The most recent List of Classifications and Redistribution http://www.nsgeu.ca/filemanager/pdf/HANSClassificationList.pdf have moved all Health Promotion classifications to clerical. Below is the letter that students/trainees at ARCH have submitted to the Health Association Nova Scotia.
To Whom It May Concern:
We are writing on behalf of students/trainees of the Applied Research Collaborations for Health (School of Health and Human Performance, Dalhousie University) to express deep concern and distress over the proposed re-classification of Health Promotion jobs from Healthcare to Clerical in the List of Classifications by DHA and Union with Proposed Redistribution. All previous versions of the List of Classifications maintained health promotion as a part of Healthcare positions.
As trainees in the field of Health Promotion, we believe that this redistribution undermines our discipline and represents a serious setback for health care reform in Nova Scotia. An abundance of evidence-based research has illustrated the critical need to step away from the individual and place focus on the social determinants of health and primary prevention strategies. Health Promotion is defined by the World Health Organization (WHO) in the Ottawa Charter for Health Promotion as “a process of enabling people to increase control over, and to improve, their health” and plays a vital role in changes needed in the health system. The field of Health Promotion moves beyond a focus on individual behaviour towards a wide range of social and environmental interventions.
Health Canada states that a key feature of primary care health reform is to place “greater emphasis on health promotion and illness/injury prevention.” Health promoters play a critical role in primary prevention, disease prevention, and the reduction of health inequities. Our training is rooted in evidence-based practice that enables us to produce long-term solutions, rather than short-term gains. Health promoters are interdisciplinary health professionals that are able to bring a comprehensive perspective to health and work at all levels of the health system, including but not limited to health care. Health Promoters build connections with other health professionals and use an upstream approach to enable realistic, broad change rather than focusing solely on individuals and illnesses. We work across communities, with policy makers and researchers to help strengthen the knowledge needed for better health of the population and to reduce health disparities. We take a population health approach by addressing an array of complex health issues that impact our behaviours, the environments in which we live, the health care system, and the economy.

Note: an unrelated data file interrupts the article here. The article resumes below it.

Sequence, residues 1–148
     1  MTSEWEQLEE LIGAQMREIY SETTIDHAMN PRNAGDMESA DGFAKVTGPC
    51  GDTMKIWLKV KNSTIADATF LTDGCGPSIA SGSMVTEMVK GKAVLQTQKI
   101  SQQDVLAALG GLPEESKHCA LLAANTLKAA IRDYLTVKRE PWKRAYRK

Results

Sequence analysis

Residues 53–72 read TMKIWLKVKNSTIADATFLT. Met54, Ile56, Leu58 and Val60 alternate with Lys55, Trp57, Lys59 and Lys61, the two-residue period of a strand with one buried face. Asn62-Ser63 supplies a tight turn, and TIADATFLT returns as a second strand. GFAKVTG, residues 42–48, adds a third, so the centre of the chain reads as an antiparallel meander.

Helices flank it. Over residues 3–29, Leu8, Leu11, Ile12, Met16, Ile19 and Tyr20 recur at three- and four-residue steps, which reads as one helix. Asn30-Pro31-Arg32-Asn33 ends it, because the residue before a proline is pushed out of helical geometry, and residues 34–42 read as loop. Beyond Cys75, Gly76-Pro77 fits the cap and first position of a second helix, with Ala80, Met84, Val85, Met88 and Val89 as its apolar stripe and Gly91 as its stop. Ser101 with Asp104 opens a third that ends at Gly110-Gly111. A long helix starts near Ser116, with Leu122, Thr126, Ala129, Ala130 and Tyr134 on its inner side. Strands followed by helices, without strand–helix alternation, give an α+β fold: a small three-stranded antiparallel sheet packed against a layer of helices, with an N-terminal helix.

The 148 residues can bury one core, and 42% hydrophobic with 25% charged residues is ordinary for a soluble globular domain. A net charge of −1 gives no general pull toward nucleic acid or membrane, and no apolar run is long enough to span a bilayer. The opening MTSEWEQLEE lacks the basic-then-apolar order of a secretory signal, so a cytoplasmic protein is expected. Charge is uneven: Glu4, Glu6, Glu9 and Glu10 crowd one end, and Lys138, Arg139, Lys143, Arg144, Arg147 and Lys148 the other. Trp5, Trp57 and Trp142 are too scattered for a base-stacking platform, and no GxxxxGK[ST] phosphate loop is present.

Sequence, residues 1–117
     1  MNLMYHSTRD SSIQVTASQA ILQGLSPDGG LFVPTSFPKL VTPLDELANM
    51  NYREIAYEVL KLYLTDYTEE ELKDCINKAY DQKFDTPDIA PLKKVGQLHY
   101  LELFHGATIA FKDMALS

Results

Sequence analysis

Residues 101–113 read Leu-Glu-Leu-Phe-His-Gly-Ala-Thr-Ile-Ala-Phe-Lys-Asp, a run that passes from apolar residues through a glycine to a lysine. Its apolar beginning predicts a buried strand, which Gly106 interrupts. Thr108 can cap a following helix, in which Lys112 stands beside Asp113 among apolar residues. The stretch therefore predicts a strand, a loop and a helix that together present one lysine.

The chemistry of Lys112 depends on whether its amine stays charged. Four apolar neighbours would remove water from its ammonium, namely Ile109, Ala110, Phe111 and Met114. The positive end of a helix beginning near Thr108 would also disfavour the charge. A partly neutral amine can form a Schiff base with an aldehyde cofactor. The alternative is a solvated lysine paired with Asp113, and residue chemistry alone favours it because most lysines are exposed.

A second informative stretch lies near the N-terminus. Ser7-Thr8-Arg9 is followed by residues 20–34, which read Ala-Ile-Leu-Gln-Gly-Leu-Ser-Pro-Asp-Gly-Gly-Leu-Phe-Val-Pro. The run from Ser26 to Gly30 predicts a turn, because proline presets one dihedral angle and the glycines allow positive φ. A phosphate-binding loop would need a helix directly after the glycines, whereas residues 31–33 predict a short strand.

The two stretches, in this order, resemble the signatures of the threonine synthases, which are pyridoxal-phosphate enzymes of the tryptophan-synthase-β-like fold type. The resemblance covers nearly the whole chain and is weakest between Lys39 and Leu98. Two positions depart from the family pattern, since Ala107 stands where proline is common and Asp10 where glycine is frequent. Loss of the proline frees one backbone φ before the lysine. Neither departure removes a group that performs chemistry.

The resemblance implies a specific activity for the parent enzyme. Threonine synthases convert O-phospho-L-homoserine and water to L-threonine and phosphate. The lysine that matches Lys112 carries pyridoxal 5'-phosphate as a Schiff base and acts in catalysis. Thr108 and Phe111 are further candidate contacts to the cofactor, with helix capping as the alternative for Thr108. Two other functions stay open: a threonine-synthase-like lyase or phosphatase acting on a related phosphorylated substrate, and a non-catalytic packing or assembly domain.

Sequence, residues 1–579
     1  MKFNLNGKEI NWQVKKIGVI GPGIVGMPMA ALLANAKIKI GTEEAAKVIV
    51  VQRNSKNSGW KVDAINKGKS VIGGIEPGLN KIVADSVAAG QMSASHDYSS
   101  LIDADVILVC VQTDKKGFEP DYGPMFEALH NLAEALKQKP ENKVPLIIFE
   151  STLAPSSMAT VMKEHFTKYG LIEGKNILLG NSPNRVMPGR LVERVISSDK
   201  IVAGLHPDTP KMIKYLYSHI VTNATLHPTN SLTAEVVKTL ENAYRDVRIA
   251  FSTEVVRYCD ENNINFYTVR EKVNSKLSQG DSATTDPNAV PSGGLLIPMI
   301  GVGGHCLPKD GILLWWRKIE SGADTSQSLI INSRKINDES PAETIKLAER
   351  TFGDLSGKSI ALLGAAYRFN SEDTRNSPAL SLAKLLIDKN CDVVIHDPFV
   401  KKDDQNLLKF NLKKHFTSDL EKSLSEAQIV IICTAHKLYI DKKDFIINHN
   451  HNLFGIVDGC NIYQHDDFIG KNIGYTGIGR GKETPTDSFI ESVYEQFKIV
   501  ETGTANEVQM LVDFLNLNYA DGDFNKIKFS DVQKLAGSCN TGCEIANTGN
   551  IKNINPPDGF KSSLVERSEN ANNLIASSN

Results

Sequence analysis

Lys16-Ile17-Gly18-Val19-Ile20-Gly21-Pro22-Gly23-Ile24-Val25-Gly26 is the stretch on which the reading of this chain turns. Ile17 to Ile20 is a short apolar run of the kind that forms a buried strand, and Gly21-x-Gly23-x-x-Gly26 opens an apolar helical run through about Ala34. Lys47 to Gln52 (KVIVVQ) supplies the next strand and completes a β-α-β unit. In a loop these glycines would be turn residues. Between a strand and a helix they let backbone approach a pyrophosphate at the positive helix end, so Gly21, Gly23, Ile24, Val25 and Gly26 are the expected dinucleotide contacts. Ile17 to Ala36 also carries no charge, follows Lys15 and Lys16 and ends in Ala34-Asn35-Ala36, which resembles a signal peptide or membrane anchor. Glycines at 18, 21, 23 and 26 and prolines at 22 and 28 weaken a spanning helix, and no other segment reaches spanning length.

Classifying health promotion employees to clerical positions rather than healthcare workers is a huge step backward in reforming the health care system and could have tremendous impacts on the future health system in Nova Scotia. Health promoters are highly trained individuals who have had rigorous training and education in health promotion or a specific health-related domain (i.e. public health). Many current positions in the health promotion field require highly qualified healthcare professionals through Master’s level training or higher. As health promotion students and trainees, we are concerned that our current training is being devalued and that our potential for future impact on the health system will be restricted due to the shift in classification.
The Ivany Report calls for “new vision, innovative approaches, greater collaboration and a greater willingness to take on the risks associated with economic change and progress” to support the prosperity of our province. Classifying health promotion as clerical work is disparaging to our field and we feel it will have a negative impact on the health system and the health of Nova Scotia as a whole. We strongly advocate that the classification of Health Promotion jobs remain in the Healthcare grouping instead of being classified as Clerical work.
Thank you for your time and attention to the matter.
This letter is endorsed by the following students/trainees of the Applied Research Collaboration for Health, School of Health and Human Performance, Dalhousie University: Julia Kontak (MA Health Promotion Student), Dr. Jessie-Lee McIsaac (Postdoctoral Fellow), Rebecca Spencer (Interdisciplinary PhD Student), Logan Lawerence (MSc Kinesiology Student), Jessie MacKay (BSc Health Promotion Student), Elyse Quann (BSc Health Promotion Student), Melissa Stewart (BSc Health Promotion Student), Isabelle Ouellette (BSc Health Promotion Student), Sherry Jarvis (BSc Health Promotion Graduate), Kate MacLeod (BSc Health Promotion Graduate)